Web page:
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Microbial ligands alter the fate of stem cells

By L.I. Bouwman

Abstract

Stem cells are cells that undergo self-renewal and can differentiate into multi-lineages. They are tightly regulated by their microenvironment via cell-to-cell contact and endogenous signals. With the recent discovery of Toll-like receptors (TLRs) on several types of stem cells it is possible that microbial ligands are able to influence stem cells. Indeed microbial ligands such as LPS and lipoproteins alter proliferation, differentiation, migration, and function of stem cells. In this report, I reviewed the effect of TLR activation on hematopoietic stem cells (HSCs) and multipotent stem cells (MSCs). \ud In humans most TLRs activity does not seem to affect stem cell proliferation. In mice, however, stem cell proliferation is increased after TLR activation. Stem cell differentiation can also be regulated by TLR activation. Upon exposure to microbial ligands stem cells will change their differentiation to help the initial immune response. Activation of TLRs on MSCs increases osteogenesis and decreases adipogenesis and activation on HSCs increases myeloid differentiation and the production of monocytes/macrophages and DCs. Besides altering differentiation, TLR activation alters cytokine production by stem cells and the immunosuppressive function of MSCs. In general, TLR and NOD2 activation on stem cells increases the production of pro-inflammatory cytokines. However, some studies show an increase of anti-inflammatory cytokines. The response depends on ligand dose and exposure time but other factors such as micro-environment, co-stimulatory molecules, and downstream signaling pathways also influence cytokine production. The immunosuppressive function of MSCs can be increased or inhibited by TLR activation depending on the type of signaling pathways that are activated. With the identification of innate immune receptors on stem cells and the first findings that microbial ligands can influence stem cell fate, a whole new exciting area of research has been discovered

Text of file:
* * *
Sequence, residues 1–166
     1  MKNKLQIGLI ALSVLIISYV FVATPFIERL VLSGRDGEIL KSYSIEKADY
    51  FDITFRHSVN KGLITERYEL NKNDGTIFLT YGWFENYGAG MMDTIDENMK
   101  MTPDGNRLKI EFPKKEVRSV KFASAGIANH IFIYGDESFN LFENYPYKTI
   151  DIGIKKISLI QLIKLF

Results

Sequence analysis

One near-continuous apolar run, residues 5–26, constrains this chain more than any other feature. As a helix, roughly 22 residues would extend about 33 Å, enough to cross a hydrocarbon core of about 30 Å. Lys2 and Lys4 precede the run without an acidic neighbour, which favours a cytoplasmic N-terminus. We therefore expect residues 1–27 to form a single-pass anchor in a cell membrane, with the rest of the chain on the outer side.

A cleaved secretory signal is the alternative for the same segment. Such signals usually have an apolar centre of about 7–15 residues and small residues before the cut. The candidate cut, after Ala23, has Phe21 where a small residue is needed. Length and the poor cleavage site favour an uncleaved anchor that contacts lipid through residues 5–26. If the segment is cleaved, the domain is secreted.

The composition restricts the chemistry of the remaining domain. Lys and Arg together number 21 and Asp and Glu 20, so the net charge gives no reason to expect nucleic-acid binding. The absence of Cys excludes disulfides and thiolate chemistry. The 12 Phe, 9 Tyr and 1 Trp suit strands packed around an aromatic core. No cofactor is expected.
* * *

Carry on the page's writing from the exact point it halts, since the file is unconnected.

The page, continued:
Topics: Geneeskunde, Stem cells, TLR, HSC, MSC, PAMPs, bacteria
Year: 2009
OAI identifier: oai:dspace.library.uu.nl:1874/34939
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